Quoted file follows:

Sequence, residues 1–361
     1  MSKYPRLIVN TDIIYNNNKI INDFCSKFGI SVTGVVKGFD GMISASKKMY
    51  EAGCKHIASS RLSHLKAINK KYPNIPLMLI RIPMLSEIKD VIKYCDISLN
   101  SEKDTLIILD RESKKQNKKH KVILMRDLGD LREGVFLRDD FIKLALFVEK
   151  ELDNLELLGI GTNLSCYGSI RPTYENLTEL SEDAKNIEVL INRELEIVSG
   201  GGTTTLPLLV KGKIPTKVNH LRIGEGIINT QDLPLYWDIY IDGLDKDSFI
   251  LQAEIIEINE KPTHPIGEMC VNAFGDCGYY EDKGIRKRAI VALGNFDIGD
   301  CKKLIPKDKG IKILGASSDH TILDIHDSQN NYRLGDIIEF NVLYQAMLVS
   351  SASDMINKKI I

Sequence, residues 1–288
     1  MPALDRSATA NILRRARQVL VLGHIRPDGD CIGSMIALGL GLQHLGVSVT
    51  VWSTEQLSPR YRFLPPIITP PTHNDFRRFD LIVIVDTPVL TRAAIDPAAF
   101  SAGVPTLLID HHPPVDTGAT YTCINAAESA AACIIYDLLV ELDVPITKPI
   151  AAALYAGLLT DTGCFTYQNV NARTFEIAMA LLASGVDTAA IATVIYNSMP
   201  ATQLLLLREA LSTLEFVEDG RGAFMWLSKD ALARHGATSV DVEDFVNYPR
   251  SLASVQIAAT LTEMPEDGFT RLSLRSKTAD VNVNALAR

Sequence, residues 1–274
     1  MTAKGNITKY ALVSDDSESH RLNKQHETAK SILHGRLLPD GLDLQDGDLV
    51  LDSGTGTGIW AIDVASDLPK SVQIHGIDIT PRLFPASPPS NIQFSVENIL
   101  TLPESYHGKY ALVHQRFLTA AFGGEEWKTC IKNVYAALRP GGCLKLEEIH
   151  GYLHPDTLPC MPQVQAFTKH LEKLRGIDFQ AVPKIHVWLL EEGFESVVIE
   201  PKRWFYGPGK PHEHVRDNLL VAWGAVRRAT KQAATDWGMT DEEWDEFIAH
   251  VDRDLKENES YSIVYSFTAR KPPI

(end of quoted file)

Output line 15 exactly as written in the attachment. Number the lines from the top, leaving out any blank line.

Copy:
   201  ATQLLLLREA LSTLEFVEDG RGAFMWLSKD ALARHGATSV DVEDFVNYPR